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Opened in 2009, the Missouri Institute of Natural Science is the state's first natural history museum. Its primary mission is to educate the public about Missouri's natural history and how to learn from the past to better protect the environment today. Exhibits feature numerous fossils, artifacts, and specimens on display including dinosaur bones and fossilized bacteria. Many of these items were found in the nearby Riverbluff Cave, which was discovered after explosives were set off during road construction work (the museum was created as a result of this discovery; it is not yet open to the public). One of the museum's highlights will be a Triceratops skeleton found in Wyoming that is about 40% complete, which will be put on display once preservation and restoration work is complete. In addition to the museum, visitors can also hunt for fossils at a spot not far from the museum building and go for a hike in the surrounding woods.

  • The Missouri Institute of Natural Science was founded in 2003 and the opened to the public in 2009.
  • Numerous fossils and other specimens are on display.
The cave was discovered on the morning of September 11, 2001. Construction on the road was ordered to stop but some explosives had already been put into place and could not be removed. The workers were given the permission to ignite those explosives. The explosion opened a hole into the cave, which was previously unknown. The bones, fossils, claw marks, and animal tracks in the cave were dated to the Ice Age (in geologic terms, the Pleistocene Epoch). The cave is the oldest known Ice Age cave yet found in the country.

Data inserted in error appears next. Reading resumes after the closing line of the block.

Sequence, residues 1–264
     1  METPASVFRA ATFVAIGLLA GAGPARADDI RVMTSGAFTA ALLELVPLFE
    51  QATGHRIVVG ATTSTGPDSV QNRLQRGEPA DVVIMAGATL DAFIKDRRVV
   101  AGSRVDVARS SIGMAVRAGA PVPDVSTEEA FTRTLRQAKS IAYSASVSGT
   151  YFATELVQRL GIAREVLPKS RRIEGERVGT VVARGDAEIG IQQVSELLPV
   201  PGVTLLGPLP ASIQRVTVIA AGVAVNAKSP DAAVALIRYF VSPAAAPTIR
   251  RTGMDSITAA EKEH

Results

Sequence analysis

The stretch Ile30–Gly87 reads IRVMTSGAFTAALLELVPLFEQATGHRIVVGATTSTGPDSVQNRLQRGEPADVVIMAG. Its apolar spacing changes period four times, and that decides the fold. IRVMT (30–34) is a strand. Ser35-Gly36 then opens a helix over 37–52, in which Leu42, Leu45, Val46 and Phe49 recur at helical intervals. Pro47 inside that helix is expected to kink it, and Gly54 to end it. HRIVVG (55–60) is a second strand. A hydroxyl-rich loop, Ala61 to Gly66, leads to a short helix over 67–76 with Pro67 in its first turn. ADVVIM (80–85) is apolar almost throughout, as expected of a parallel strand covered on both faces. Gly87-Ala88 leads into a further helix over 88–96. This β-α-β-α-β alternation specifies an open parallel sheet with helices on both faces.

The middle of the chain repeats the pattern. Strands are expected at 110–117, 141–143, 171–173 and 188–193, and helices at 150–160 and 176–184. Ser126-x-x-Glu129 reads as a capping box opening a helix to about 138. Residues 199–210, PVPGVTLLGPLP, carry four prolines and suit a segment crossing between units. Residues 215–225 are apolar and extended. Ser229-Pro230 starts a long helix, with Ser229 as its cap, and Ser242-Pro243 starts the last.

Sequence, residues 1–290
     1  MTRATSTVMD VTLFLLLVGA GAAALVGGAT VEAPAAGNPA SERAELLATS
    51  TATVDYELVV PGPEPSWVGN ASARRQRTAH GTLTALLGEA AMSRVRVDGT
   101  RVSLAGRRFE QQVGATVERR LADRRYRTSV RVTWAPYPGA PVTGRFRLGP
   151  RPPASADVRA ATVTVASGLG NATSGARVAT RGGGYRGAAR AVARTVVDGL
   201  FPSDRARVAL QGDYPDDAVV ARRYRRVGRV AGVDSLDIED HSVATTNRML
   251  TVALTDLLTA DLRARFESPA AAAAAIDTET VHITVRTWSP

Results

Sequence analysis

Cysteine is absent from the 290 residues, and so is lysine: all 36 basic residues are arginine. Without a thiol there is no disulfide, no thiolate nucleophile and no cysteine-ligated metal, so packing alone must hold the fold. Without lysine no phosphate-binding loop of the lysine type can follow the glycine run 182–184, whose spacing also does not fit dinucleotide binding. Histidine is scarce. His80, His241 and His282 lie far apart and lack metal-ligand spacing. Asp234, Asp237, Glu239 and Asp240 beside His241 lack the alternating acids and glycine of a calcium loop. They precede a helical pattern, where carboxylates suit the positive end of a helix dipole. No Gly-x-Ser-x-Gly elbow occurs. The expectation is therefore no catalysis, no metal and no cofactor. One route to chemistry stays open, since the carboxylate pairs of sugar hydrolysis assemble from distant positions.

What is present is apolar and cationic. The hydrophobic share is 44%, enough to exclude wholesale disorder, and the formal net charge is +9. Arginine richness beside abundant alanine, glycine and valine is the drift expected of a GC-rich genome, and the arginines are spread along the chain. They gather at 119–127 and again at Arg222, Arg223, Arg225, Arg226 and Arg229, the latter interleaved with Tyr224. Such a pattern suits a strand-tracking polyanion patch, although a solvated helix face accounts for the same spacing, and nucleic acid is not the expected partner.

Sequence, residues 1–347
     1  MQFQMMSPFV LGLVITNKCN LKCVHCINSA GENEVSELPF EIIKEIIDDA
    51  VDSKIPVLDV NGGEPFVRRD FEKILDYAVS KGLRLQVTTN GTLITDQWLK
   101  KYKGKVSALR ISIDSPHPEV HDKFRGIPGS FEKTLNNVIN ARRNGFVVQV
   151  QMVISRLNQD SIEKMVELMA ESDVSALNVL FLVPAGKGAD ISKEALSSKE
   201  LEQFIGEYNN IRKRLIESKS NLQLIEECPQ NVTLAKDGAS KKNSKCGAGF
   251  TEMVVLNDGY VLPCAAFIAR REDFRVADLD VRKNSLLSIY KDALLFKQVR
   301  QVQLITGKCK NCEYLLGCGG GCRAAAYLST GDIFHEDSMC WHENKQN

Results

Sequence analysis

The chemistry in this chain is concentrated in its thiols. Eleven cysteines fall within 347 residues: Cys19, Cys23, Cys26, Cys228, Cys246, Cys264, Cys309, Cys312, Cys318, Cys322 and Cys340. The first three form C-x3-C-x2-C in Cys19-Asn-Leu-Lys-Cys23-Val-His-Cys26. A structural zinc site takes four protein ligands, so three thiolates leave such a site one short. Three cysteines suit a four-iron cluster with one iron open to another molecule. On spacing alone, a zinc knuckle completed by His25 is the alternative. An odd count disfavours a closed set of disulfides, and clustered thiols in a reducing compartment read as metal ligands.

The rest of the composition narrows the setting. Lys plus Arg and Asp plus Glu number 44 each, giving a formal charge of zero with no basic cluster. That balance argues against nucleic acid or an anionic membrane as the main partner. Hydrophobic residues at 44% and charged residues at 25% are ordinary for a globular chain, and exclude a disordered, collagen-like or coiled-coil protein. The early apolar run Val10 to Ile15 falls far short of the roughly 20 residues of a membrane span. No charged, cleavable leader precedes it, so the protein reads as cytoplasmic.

To preserve and study it, the institute was established in 2003. A facility to store and examine the fossils and other items found was built in 2005. The museum opened a few years later in 2009.
"Our Story." Missouri Institute of Natural Science. Accessed November 18, 2018.